With the NeuroNode, users with paralysis and loss of speech can communicate with friends, family members, caregivers and their clinicians; send and receive text messages and control their environment. With Control Bionics Say-It NOW application, users can even interact with their in-home smart speaker systems entirely hands-and-voice-free. This gives NeuroNode users unprecedented access to this popular technology – whether it’s to communicate and alert loved ones in a home setting or to allow Google to settle a bet between friends on-the-go.

Funding for AT products can be difficult to obtain. Recently Medicare approved funding for the NeuroNode. “The process for obtaining funding for a speech generative device (SGD) that provides augmentative and alternative communication (AAC) like the NeuroNode can be incredibly overwhelming for individuals, family members, and health care providers,” explains Control Bionics CEO, Rob Wong. The Control Bionics funding team provides support throughout the process, helping those in need to navigate the path to obtaining durable medical equipment (DME). “We’re incredibly excited to announce this additional funding option. Our goal and mantra is ‘life-changing connections,’ and this new resource provides us with the ability to facilitate even more of those moments,” states Wong.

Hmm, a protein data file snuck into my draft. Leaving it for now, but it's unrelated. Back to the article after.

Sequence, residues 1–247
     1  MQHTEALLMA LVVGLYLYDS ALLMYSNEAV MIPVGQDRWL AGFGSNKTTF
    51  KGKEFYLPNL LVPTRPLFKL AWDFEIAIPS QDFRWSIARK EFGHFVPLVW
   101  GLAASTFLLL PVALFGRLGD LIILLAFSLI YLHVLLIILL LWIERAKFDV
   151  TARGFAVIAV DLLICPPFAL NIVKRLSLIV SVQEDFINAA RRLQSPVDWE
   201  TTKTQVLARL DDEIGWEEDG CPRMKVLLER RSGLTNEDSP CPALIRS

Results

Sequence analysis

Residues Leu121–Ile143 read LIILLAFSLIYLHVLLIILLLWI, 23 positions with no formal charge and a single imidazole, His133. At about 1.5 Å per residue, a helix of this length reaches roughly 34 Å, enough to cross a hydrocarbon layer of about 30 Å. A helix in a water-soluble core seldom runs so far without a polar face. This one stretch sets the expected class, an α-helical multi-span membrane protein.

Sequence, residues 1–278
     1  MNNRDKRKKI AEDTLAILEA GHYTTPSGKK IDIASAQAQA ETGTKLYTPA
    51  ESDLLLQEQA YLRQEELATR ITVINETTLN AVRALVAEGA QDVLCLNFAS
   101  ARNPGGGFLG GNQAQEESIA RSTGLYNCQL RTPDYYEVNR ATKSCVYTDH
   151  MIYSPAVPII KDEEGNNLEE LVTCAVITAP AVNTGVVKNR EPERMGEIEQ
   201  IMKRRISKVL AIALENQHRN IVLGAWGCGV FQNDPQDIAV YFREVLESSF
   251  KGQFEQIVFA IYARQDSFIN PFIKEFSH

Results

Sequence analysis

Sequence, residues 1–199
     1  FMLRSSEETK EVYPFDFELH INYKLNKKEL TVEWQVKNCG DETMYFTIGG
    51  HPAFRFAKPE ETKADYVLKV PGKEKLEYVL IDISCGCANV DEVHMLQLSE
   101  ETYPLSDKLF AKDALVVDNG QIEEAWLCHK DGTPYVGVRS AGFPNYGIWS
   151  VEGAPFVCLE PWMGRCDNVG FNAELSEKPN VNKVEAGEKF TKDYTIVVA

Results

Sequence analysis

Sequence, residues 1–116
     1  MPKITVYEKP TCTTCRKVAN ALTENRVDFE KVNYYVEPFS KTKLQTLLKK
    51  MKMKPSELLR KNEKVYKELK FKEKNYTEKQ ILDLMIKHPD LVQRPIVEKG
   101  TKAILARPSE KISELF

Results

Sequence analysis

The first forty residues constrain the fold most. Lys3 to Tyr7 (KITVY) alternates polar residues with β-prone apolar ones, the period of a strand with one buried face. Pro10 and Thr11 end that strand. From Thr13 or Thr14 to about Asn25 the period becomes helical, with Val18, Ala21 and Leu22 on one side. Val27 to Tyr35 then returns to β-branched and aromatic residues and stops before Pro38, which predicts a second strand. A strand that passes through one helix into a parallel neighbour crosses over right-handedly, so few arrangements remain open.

The founders of Control Bionics have been working with EMG technology for over two decades. The company’s goal is to become the world’s leading provider of EMGs wearable bionic devices. In the early 2000s, Control Bionics worked with the late Stephen Hawking to develop –what would become– their latest assistive EMG device. In April of this year, Control Bionics was awarded the prestigious [email protected] Innovation Award ahead of 42 competing commonwealth nations. Organized by the Duke of York and held at St. James Place, London, this year’s theme was “Human Technology – Benefits for Humanity,” an endeavor that certainly rings true for those familiar with the NeuroNode technology.